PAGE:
Saturday, September 12, 2015

Becoming Nora


Nora Webster by Colm Tóibín


Everyone loved Maurice Webster. While she was married to him, Nora lived quietly in his shadow. Then he fell ill, and as his death approached, Nora was totally devoted, practically ignoring her sons and daughters in order to care for him. Now that he's gone, Nora has become something of a tragic celebrity. More importantly, now Nora has to find a new normal for both herself and her children.

This is one of those gently moving novels where some critics might say, "Nothing happens." To tell the truth, there isn't a whole lot of action here, but that doesn't really matter. What Tóibín has done here is give us a beautifully formed character driven story that helps us watch one woman as she learns to cope with her new reality. In her sons, we see the death of their father affected them. As for her daughters - now grown and no longer living at home - we witness how they react to the changes in their mother. Most importantly, we watch Nora pull herself back to life and getting on with living without the man she loved.

Everything here is very subtle. From Nora's getting a job with the company she worked for before she was married and had children, to her learning about music and singing, and discovering an interest in something she didn't know she enjoyed. While all of this slowly unfolds, Tóibín makes us realize that Maurice did not have anything to do with Nora's being so unassuming, nor that she was unhappy with her life before he became sick. Instead, we get the feeling that Nora liked being on the sidelines. Forced into center stage, however, Nora realizes that there is, and always was, more to her than meets the eye. Despite some bumps and troubles along the way, including the social, economic and political problems of Ireland in the 1960s, Nora seems mostly up to the task. Even when she stumbles, she does it with grace. Because of all this, together with Tóibín's tranquil writing style, Nora comes across as one of the most empathetic characters I've ever read.

As glowing as all this sounds, I have to say that I felt something was missing with this book. While it is obvious that Tóibín adores his Nora, maybe he cared for her a little bit too much. This could be the reason why I felt some restraint in his portrait of her, as if he didn't want everyone to know absolutely everything about her. Of course, mystery being the spice of life, holding some things back allows the reader to use their imagination, and come to their own conclusions about certain aspects of Nora. However, I think there's a fine line between mystery and being overly reticent, which I think Tóibín overstepped just a tiny bit. Because of this, there were times when no matter how much I liked Nora, she seemed a touch too cold for my taste. On the other hand, a gut-wrenching emotional outburst would have been terribly out of character.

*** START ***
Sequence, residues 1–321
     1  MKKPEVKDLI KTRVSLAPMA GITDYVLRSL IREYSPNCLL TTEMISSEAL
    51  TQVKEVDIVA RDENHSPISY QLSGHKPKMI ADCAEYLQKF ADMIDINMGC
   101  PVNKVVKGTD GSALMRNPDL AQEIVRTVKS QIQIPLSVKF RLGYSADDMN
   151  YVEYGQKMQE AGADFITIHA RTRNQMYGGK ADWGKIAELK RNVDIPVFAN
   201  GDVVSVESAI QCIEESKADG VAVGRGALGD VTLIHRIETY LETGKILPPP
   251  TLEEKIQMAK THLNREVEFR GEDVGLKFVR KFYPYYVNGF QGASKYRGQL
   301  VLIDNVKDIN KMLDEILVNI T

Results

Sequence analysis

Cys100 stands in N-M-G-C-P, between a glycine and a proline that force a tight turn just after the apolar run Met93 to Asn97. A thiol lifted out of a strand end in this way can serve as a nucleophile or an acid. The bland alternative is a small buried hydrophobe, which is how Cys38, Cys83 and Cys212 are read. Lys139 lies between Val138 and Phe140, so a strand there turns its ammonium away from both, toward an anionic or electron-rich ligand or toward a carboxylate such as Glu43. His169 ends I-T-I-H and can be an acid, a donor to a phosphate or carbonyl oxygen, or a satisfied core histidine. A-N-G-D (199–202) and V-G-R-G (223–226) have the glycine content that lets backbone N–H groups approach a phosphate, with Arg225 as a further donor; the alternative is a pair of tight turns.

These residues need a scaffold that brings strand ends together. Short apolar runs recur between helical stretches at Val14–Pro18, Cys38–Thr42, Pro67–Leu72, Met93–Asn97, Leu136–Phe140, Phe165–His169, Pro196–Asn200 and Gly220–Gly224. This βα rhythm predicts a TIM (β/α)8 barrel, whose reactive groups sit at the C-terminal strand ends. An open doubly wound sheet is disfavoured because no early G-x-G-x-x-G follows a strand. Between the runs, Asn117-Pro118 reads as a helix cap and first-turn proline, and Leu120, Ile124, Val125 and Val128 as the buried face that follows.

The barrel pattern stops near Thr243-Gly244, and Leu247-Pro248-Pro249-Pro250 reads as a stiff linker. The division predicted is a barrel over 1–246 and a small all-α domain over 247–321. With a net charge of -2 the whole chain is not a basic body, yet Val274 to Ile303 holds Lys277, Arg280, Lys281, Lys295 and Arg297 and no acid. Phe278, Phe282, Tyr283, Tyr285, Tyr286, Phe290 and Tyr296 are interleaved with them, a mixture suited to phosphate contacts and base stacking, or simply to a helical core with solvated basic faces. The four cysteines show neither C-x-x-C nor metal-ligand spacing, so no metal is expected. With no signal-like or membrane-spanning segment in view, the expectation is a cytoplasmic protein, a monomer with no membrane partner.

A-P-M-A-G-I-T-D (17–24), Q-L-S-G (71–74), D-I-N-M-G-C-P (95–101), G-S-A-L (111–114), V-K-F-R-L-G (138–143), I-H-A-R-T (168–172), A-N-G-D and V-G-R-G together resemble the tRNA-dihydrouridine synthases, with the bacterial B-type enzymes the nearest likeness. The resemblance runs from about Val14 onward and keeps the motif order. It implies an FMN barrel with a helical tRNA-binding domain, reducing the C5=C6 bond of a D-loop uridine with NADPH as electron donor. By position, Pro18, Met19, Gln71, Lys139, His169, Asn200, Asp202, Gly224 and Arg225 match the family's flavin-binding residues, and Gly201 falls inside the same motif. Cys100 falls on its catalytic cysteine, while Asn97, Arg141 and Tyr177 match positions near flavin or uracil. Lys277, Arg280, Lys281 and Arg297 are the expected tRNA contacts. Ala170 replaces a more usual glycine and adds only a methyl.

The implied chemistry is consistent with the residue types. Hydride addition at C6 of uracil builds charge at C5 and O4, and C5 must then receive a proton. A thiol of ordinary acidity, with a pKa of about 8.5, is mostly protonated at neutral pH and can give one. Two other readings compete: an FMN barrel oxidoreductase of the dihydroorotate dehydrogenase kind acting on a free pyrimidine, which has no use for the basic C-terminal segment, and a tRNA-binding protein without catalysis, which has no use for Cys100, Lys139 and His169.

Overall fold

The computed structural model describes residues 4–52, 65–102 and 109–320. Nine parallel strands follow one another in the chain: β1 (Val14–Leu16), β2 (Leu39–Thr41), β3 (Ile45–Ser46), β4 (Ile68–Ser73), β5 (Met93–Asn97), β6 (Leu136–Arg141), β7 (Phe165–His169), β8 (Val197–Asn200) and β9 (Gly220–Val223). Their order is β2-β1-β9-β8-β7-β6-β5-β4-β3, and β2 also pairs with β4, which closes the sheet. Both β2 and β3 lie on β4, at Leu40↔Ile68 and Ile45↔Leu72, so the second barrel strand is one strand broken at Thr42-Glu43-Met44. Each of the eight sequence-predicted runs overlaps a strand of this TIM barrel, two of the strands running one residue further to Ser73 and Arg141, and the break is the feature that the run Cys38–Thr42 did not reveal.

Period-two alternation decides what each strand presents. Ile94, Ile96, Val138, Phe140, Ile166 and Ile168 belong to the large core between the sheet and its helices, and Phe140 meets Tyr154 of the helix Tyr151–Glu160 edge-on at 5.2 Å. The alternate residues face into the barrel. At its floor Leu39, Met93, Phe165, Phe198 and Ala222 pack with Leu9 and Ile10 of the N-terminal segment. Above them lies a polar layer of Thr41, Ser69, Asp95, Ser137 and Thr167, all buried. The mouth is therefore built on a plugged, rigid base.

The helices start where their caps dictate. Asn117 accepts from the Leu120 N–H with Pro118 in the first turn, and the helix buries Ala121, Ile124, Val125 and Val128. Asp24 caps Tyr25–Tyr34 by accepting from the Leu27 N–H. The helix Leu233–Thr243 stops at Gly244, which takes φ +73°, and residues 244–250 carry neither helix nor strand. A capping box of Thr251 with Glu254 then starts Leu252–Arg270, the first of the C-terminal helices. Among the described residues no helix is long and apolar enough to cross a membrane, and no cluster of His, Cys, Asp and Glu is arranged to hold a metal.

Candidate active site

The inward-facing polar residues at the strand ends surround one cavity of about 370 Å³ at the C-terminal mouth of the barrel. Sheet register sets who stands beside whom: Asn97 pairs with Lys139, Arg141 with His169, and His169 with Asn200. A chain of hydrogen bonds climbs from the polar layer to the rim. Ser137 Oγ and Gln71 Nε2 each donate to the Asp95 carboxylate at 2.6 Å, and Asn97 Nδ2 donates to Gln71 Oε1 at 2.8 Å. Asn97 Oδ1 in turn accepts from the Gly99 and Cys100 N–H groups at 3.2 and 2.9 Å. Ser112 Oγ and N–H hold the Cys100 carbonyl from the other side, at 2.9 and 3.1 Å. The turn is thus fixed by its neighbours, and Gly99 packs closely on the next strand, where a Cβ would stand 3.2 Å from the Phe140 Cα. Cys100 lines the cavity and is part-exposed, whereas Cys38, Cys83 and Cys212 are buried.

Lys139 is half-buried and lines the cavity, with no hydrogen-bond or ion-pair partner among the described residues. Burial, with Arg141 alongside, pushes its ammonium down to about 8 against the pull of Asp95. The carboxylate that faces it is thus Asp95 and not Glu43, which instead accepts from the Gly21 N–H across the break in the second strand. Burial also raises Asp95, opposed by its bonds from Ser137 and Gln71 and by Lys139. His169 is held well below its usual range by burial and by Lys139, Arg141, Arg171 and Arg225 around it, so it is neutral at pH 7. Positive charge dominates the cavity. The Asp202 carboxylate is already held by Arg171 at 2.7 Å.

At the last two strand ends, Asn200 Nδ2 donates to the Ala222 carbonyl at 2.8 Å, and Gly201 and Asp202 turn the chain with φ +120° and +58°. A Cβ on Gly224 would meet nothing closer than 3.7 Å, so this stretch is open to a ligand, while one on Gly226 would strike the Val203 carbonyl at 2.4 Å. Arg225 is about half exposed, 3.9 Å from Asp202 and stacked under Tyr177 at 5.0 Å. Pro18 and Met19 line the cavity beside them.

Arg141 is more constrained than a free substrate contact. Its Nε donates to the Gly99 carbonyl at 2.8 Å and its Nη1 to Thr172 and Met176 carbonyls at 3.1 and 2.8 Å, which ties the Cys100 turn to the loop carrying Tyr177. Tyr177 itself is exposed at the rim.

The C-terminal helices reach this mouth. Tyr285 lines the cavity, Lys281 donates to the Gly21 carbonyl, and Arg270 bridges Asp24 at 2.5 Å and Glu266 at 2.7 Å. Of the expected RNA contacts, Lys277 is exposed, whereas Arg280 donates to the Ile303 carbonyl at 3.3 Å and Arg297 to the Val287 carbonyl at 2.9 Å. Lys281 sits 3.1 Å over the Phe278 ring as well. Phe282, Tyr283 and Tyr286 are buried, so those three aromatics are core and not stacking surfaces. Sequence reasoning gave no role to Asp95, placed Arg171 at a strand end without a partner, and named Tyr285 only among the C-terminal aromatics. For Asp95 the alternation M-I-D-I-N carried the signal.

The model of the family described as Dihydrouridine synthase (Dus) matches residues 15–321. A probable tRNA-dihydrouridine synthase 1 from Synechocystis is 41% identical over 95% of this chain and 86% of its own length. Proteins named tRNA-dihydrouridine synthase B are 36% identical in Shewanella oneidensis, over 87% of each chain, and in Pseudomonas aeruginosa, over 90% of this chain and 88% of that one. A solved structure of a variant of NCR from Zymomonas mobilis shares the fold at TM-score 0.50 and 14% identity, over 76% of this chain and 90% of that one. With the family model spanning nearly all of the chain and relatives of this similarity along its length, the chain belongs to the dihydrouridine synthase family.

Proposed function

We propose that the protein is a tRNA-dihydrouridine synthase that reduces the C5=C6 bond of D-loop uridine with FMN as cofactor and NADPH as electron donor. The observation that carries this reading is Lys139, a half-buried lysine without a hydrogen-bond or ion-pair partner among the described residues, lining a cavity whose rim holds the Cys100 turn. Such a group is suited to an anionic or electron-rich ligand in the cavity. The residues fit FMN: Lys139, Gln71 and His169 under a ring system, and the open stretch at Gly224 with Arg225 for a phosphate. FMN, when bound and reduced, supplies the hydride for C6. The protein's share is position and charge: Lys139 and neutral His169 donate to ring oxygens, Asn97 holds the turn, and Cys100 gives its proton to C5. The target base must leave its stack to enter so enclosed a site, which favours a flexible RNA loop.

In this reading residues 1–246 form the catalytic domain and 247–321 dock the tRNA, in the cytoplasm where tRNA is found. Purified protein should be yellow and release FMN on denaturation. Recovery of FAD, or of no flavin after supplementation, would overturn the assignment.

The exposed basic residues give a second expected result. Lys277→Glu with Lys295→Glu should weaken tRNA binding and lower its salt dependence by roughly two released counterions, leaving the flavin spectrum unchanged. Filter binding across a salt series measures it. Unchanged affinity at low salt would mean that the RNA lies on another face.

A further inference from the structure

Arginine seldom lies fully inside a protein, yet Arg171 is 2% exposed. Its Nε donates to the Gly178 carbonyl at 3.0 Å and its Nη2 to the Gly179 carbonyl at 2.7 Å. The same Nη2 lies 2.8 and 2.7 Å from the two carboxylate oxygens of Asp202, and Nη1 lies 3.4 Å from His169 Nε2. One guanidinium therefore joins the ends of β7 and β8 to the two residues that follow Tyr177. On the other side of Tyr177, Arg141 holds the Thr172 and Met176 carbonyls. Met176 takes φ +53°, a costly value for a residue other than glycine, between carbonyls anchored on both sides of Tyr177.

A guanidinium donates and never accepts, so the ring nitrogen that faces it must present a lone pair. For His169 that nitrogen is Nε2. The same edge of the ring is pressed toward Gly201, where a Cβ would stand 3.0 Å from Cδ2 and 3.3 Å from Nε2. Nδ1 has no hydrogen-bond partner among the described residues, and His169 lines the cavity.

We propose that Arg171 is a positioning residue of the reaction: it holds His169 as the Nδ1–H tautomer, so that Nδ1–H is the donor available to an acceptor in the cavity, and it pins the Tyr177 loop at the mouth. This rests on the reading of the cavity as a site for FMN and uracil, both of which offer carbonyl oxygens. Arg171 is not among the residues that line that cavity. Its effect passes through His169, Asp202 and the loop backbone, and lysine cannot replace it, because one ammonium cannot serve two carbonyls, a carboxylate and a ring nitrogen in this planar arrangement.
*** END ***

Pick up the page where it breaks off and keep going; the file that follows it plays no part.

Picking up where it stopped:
Despite this, I still enjoyed reading this book very much. Let's face it; I'm staunch anglophile, with a particular love of Ireland. That means practically any work set there is going to get my attention. Of course, a poorly written work will turn me off immediately, and in that, Tóibín certainly didn't disappoint even one iota. His writing is as beautiful as the country itself. I also loved watching Nora gradually grow into the person she probably always was, and realizing that along the way, she was learning to appreciate herself and even trust her judgment. For all of this I have to take off half a star in my rating because of the slightly reserved feeling Tóibín gives us, but I can still warmly recommend this novel. 


"Nora Webster" by Colm Tóibín is available from Amazon.com, Amazon UK, Barnes & Noble, Kobo Books (Inc., Canada and Australia), iTunes (iBook or audiobook), The Book Depository (free worldwide delivery), new or used from Alibris or Better World Books as well as from an IndieBound store near you.